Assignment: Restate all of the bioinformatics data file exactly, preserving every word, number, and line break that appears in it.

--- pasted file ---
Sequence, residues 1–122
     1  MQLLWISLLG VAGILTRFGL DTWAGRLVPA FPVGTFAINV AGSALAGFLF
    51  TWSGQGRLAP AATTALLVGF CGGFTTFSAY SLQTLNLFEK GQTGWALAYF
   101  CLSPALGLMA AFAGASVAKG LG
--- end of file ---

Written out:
Sequence, residues 1–122
     1  MQLLWISLLG VAGILTRFGL DTWAGRLVPA FPVGTFAINV AGSALAGFLF
    51  TWSGQGRLAP AATTALLVGF CGGFTTFSAY SLQTLNLFEK GQTGWALAYF
   101  CLSPALGLMA AFAGASVAKG LG